For some time now, companies have been investing in technology and capital assets to connect with their employees. But what about the most important connections of all? We’re talking about emotional connections here. Emotional connections are incredibly powerful, which is why so many companies are trying to figure out how to connect with their employees on an emotional level to get the most from them at work. Here’s how to start making emotional connections with your employees today!
Emotional connections are important because they help employees connect to their work, which is a crucial aspect in delivering quality work. When employees can connect to their work, they’re more invested and committed. This leads to higher satisfaction, commitment and job satisfaction on behalf of employees, which ultimately leads to better output. On top of that, emotional connections also make it easier for leaders to communicate with their teams and develop strong relationships. It helps them understand what motivates each employee so they can tailor performance evaluations accordingly. Finally, when workers feel connected to their company, they have a greater sense of pride in their work—which makes them happier overall.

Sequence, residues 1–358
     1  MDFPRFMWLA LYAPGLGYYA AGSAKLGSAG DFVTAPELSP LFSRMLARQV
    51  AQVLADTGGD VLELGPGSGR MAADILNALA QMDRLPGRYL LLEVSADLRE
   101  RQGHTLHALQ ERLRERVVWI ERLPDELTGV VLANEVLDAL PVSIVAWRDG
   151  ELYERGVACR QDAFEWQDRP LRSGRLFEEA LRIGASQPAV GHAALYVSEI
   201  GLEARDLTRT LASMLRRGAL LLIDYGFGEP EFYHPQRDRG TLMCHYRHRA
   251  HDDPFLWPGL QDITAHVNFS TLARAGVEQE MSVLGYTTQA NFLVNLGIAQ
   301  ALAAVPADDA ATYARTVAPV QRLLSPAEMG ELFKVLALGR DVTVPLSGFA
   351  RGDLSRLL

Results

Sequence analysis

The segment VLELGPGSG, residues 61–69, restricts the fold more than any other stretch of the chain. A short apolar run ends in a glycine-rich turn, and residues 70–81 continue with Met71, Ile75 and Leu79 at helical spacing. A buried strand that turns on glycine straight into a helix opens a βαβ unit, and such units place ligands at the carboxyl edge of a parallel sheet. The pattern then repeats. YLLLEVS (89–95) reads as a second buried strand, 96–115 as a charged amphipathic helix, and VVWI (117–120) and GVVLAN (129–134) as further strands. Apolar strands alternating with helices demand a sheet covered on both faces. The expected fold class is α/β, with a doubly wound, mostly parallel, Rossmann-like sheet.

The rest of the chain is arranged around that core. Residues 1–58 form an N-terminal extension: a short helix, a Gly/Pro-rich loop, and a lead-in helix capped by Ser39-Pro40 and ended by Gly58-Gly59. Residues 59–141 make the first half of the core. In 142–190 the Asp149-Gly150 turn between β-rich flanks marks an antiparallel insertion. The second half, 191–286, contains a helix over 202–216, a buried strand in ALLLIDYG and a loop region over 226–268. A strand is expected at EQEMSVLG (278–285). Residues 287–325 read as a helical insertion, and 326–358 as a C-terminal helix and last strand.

One way companies can deliver more emotional benefits to their employees is through office design. It turns out that certain spaces and even color have a huge impact on our moods. So be sure to consider these factors when creating an ideal work environment for your team . For example, one study found that workers in offices with high ceilings are happier than those in low-ceilinged offices. And another found that people in red rooms (as opposed to blue or green) were more likely to experience higher levels of energy and motivation. Also, make sure you’re providing plenty of opportunities for your team members to connect emotionally over things like food, travel, games, sports, etc.
According to Gallup’s research, employees aren’t just indifferent about their organizations—they actually feel contempt for them. That can stem from high turnover rates, frequent layoffs and a sense that a company doesn’t really care about its employees. According to Gallup, the world is struggling to build organizations where people know they are valued and will be treated with respect.
You have to focus on people to win the future of work.
Here’s what Gartner has to saw on The Future of Work